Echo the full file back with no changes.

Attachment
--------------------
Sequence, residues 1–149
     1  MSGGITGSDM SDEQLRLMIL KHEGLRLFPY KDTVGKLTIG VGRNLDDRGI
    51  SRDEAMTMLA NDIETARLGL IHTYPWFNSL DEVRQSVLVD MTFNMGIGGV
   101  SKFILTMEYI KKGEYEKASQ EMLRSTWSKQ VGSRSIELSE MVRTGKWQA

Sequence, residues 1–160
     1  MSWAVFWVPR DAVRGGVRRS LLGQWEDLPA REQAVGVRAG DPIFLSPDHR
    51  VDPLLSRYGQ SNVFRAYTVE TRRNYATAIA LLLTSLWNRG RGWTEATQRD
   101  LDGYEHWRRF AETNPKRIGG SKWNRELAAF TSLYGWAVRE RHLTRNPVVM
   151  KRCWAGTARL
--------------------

Sequence, residues 1–149
     1  MSGGITGSDM SDEQLRLMIL KHEGLRLFPY KDTVGKLTIG VGRNLDDRGI
    51  SRDEAMTMLA NDIETARLGL IHTYPWFNSL DEVRQSVLVD MTFNMGIGGV
   101  SKFILTMEYI KKGEYEKASQ EMLRSTWSKQ VGSRSIELSE MVRTGKWQA

Sequence, residues 1–160
     1  MSWAVFWVPR DAVRGGVRRS LLGQWEDLPA REQAVGVRAG DPIFLSPDHR
    51  VDPLLSRYGQ SNVFRAYTVE TRRNYATAIA LLLTSLWNRG RGWTEATQRD
   101  LDGYEHWRRF AETNPKRIGG SKWNRELAAF TSLYGWAVRE RHLTRNPVVM
   151  KRCWAGTARL